Colonel Caldwell knew he was outnumbered so he chose a course of action which called for some of his militia to lure the Mexicans out of the fortified city and into the prairie around Salado Creek. The remaining Texians would be positioned within the creek bed where they had good cover. Caldwell never anticipated victory but he knew that with his men positioned in the creek bed could cause considerable damage to the Mexicans without being too exposed to enemy fire. Only thirty-eight horses were found to be fit for duty among the Texan camp so only thirty-eight men could be sent to lure out the Mexicans. Captain John C. Hays, with his fourteen Texas Rangers were assigned to the mission along with Henry E. McCulloch, William A. A. Wallace, Robert Addison Gillespie and sixteen others. The thirty-eight men were sent from the Salado to San Antonio on the morning of September 17 (some accounts say the engagement occurred September 18, but Caldwell's own report contradicts this), where they arrived outside the city sometime after 9:00 am at dawn . Hays ordered his men dismounted and prepared an ambush while he and eight others remounted and proceeded to within a half mile of the Alamo where Woll was based. Hays hoped to lure out around fifty of the Mexicans. But when the Texans were spotted, 200 Mexican cavalrymen and forty Cherokees were sent after them, followed by about 300 more men led by Woll himself.
Immediately Hays ordered a retreat back to the creek and a running battle ensued. The Mexican cavalry attempted to cut Hays' command off from the right; but the Texians managed to get back to the Salado, closely pursued. Over 200 shots were fired during this first skirmish though the Texians sustained no casualties. When Hays reached camp, the men were preparing for breakfast, which was quickly stopped so as to take up positions for defense. After seeing the Texan camp, the cavalry chose to break off the pursuit and form a line of battle on the opposite side of the creek, in the prairie southeast of Caldwell's men. When over 1,000 Mexicans and Cherokees were assembled, they began firing across the creek with volleys of musket and cannon fire. Though accurate, the artillery barrage was ineffective throughout the five-hour battle because of the distance at which they were being fired from. According to one Texian named N. B. Burkett, the Texians "did not pay a great deal of attention to them." Caldwell then sent for reinforcements from several nearby towns. His distress call said that he was surrounded, but was confident that he was in no threat of being defeated and could hold his position.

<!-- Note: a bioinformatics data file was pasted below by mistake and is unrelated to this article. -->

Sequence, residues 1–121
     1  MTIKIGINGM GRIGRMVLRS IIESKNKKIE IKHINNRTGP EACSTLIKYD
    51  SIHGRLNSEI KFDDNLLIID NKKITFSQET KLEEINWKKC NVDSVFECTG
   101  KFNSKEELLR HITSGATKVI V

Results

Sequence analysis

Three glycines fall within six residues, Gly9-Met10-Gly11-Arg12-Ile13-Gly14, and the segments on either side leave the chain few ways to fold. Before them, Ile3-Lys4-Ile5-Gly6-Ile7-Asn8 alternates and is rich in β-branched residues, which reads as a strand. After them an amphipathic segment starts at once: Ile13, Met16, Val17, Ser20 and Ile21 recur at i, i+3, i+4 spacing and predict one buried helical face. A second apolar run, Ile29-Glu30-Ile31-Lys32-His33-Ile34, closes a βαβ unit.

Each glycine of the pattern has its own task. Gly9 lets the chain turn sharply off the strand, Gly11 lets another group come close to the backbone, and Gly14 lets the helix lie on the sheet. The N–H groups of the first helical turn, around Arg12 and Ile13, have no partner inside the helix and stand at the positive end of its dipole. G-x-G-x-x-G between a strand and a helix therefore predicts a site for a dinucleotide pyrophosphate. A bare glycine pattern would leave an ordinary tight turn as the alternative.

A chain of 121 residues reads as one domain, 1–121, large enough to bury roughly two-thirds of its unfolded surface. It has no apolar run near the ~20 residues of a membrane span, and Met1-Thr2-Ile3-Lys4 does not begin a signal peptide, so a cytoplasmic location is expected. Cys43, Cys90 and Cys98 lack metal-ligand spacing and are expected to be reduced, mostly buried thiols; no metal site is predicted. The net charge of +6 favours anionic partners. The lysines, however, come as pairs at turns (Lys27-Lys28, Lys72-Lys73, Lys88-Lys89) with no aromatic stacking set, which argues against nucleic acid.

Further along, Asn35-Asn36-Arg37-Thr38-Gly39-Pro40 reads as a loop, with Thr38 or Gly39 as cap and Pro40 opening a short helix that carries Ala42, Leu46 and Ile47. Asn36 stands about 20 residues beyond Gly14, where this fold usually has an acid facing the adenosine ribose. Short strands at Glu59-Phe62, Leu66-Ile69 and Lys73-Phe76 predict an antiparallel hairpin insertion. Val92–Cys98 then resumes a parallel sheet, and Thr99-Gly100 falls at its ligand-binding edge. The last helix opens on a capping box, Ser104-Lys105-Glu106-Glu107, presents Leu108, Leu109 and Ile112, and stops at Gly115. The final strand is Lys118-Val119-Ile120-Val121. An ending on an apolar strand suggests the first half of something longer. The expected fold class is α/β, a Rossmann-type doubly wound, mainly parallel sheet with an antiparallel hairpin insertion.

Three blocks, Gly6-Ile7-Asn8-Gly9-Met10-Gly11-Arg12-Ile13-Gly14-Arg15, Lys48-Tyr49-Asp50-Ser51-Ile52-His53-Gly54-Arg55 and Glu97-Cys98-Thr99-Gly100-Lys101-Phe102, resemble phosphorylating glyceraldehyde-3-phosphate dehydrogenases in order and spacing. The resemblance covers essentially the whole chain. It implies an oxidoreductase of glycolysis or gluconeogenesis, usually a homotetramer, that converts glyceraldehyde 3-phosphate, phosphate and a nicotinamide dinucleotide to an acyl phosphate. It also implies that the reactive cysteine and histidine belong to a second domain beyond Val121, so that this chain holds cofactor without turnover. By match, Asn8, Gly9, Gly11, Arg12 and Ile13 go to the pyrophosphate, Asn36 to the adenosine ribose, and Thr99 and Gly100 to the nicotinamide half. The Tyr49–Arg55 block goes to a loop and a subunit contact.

Another few sentences of Caldwell's message read: "The enemy are around me on every side, but I fear them not. I will hold my position until I hear from reinforcements. Come and help me—it is the most favorable opportunity I have ever seen. There are eleven hundred of the enemy. I can whip them on any ground, without any help, but can not take any prisoners. Why don't you come? Huzza! huzza for Texas!" The battle took the form of skirmishing for several hours as Caldwell directed his sharpshooters to constantly harass the Mexican line, then retreat back to the creek before being discovered. These tactics severely annoyed the Mexicans, who were dying left and right while inflicting only few casualties upon the Texians. Eventually General Woll ordered a full attack with his left and right wings, and so the Mexicans advanced; but they were repulsed within fifteen minutes. Some of the Mexicans made it to twenty steps from the Texian line before being killed. After this failed attack, Woll attempted to rally his men for another, but could not. Later that night, he retreated south toward the border. Woll managed to complete a successful withdrawal by igniting several camp fires to deceive the Texians as to their withdrawal. But when some of Caldwell's men attempted to skirmish with the Mexicans that night, they discovered that Woll had retreated. The battle was over.